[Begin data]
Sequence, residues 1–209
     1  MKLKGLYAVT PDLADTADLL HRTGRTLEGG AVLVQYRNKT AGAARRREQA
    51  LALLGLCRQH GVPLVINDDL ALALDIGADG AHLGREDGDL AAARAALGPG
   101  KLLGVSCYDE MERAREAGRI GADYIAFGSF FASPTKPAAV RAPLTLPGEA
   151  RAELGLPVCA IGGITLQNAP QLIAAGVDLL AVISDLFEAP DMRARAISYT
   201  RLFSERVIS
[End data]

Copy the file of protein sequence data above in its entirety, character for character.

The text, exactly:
Sequence, residues 1–209
     1  MKLKGLYAVT PDLADTADLL HRTGRTLEGG AVLVQYRNKT AGAARRREQA
    51  LALLGLCRQH GVPLVINDDL ALALDIGADG AHLGREDGDL AAARAALGPG
   101  KLLGVSCYDE MERAREAGRI GADYIAFGSF FASPTKPAAV RAPLTLPGEA
   151  RAELGLPVCA IGGITLQNAP QLIAAGVDLL AVISDLFEAP DMRARAISYT
   201  RLFSERVIS